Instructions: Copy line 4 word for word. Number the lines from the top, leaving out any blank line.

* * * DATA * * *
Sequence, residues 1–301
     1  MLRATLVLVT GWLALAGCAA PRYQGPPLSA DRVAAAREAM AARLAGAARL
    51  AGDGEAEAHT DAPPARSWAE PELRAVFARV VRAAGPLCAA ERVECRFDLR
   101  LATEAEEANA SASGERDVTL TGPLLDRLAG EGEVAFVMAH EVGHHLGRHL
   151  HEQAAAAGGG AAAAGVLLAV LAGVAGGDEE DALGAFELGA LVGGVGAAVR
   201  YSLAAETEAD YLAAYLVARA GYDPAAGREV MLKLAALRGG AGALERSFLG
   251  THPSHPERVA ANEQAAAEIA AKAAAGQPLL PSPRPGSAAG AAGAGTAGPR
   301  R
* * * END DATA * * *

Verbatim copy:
   101  LATEAEEANA SASGERDVTL TGPLLDRLAG EGEVAFVMAH EVGHHLGRHL